Litigation, government investigations, worker strikes demonstrate XPO employees’ opposition to CEO Bradley Jacobs
Tomorrow (Feb. 27), XPO Logistics CEO Bradley Jacobs will provide the keynote address to the Journal of Commerce’s Trans Pacific Maritime Conference (TPM) in Long Beach, CA. In his remarks, attendees won’t hear Jacobs discuss the serious risks to shareholder value - and to the long-term success of his business model - from actions taken by XPO employees in the U.S. and across Europe: XPO workers across its divisions have filed a slew of lawsuits challenging their employment status as independent contractors.
Workers have gone on strike several times and picketed XPO trucks and facilities in So. California and in France.
An XPO worker in Spain even engaged in a 10-day hunger strike to protest his false employment status.
These actions pose risks that could hinder Jacobs’ effort to continue to pay down the $5.3 billion in debt he incurred by purchasing Pacer, Con-Way, Norbert Dentressangle, and a string of other logistics companies using the pension savings funds of unionized Canadian teachers and government workers. Near-unanimous court decisions(1) that port, rail, and other drivers have been illegally misclassified as “independent contractors” do not bode well for XPO’s plan to continue on its current path. Jacobs seems undeterred despite the fact that XPO Logistics continues to rack up numerous wage theft lawsuits, the latest by customer service representatives in Illinois. All told, these lawsuits will likely cost the company millions of dollars in back-pay liability and attorneys’ fees.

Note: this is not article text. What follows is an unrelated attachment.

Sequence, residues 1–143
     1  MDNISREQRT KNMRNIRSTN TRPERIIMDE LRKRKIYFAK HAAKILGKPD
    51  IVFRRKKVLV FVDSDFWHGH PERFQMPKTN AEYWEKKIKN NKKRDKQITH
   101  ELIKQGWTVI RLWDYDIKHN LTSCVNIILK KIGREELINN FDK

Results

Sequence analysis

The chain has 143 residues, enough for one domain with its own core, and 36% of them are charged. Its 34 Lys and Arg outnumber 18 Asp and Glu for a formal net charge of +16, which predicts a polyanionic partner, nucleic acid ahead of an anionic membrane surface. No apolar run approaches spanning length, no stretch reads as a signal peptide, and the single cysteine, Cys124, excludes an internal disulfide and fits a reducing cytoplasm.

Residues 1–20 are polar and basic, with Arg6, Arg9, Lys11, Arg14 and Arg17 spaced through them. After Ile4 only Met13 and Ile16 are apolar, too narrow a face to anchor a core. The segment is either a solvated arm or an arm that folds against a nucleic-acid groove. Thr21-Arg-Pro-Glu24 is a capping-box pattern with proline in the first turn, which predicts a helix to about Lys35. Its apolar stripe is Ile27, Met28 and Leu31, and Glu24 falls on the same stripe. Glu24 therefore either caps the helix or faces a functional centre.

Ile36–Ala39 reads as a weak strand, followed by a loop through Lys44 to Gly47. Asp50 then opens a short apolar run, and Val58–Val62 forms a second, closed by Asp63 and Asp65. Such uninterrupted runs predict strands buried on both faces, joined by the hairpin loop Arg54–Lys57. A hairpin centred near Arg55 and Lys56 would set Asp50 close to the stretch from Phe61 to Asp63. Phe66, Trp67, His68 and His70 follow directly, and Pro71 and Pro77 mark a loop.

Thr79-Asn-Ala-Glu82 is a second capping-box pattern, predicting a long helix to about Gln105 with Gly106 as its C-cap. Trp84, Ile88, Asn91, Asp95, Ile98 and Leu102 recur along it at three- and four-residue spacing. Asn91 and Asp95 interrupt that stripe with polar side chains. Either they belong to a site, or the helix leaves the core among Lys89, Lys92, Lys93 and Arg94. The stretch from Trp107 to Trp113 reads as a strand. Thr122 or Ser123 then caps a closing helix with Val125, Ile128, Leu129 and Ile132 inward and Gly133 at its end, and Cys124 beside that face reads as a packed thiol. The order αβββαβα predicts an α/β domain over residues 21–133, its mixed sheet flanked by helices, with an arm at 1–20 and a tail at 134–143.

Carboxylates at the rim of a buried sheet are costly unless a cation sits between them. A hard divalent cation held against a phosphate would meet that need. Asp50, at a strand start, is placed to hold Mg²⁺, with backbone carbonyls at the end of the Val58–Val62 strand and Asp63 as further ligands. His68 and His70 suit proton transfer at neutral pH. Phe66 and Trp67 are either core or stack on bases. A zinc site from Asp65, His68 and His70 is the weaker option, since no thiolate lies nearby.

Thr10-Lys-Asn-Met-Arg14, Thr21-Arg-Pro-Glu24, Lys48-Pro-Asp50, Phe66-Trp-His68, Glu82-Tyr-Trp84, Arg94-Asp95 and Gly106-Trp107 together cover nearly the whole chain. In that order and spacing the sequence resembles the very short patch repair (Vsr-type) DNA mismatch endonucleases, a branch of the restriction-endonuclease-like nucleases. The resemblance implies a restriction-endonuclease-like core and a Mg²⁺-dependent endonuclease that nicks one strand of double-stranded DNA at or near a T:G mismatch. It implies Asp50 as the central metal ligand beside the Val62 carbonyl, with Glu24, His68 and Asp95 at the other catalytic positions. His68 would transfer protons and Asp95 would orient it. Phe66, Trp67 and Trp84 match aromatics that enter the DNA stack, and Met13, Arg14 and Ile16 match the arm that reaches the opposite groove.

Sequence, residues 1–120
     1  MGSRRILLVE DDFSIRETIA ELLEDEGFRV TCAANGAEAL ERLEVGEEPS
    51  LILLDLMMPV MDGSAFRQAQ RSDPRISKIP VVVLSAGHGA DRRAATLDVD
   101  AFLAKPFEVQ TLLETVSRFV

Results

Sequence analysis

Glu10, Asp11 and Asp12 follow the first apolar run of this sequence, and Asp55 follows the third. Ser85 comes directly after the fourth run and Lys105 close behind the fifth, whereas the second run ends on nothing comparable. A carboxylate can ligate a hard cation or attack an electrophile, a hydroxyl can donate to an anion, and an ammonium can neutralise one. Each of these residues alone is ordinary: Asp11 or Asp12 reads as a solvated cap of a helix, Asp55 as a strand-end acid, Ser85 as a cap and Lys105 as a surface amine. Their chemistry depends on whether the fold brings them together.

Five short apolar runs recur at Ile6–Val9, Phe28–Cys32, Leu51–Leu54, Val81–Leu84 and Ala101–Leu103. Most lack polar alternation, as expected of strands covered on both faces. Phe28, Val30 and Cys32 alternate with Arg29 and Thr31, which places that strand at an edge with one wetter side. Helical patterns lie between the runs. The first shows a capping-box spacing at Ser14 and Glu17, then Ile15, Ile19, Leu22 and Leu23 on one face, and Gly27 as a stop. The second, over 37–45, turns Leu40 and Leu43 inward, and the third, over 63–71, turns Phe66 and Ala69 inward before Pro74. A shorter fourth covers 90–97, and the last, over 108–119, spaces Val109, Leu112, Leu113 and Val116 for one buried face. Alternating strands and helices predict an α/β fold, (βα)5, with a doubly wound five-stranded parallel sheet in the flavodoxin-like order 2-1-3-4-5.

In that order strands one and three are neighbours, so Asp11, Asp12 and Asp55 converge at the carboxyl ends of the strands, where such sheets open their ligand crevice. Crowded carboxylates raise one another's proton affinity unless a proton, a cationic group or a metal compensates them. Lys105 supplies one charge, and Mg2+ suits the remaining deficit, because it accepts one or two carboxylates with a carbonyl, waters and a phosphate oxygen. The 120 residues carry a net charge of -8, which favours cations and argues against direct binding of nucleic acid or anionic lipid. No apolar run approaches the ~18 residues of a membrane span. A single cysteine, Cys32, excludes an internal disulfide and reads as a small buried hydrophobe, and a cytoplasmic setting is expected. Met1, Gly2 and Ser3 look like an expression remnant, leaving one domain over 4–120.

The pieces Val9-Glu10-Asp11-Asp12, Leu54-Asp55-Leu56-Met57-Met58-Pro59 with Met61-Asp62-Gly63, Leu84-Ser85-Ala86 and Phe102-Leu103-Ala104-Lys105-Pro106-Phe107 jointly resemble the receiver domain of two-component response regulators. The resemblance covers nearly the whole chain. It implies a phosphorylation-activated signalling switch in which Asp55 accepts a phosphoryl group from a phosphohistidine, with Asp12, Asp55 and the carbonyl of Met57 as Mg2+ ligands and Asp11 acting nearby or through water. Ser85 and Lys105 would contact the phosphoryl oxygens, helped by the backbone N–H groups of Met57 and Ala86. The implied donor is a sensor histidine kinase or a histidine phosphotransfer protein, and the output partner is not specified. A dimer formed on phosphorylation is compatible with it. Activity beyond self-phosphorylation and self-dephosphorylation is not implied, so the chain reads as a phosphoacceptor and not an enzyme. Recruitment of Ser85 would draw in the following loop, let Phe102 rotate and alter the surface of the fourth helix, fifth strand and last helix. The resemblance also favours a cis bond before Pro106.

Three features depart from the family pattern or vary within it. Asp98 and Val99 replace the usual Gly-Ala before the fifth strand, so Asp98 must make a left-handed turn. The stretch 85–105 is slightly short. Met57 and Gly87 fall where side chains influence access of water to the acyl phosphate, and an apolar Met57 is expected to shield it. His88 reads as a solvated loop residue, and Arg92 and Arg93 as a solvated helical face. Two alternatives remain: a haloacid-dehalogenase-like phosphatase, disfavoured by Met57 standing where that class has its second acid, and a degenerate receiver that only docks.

This would not be the first time Jacobs has left investors holding the bag. Jacobs’ former rollup, United Rentals, settled with the SEC in 2008 for $14 million on charges that the company “engaged in a series of fraudulent transactions undertaken in order to meet its earnings forecasts and analyst expectations.”(2)
Meanwhile, many XPO employees have not seen a raise in years and feel routinely pressured to cut corners. Jacobs doesn’t seem to be bothered
by this impact on safety. Perhaps that’s because for the accidents involving XPO’s misclassified “independent contractors,” taxpayers are forced to pick up the tab as these workers likely don’t have health insurance, aren’t covered by workers’ compensation, and aren’t eligible for disability.
Over the past two years, there have been nearly 1,000 truck accidents in the US, causing 460+ injuries and approximately 40 deaths.(3)
XPO warehouse workers also report unsafe conditions, failure to perform, and mistreatment from management. And rather than providing the full-time employment our communities need, the company routinely hires agency temps to work alongside XPO employees at its warehouses.
When XPO workers have elected to form a union to improve their working conditions, XPO has responded by spending huge resources to oppose these efforts and challenging election results in order to avoid engaging in negotiations with Jacobs’ workforce.
With wages and income inequality hot button policy topics, the controversies and disruption created by Jacobs’ human resource policies could pose long term risk to XPO Logistics’ future.
(1) For one of many examples, see Virginia Van Dusen et al. v. Swift Transportation Co., Inc. et al., case number 2:10-cv-00899, in the U.S. District Court of Arizona.
(2) FMCSA SMS data
Source: Logistics News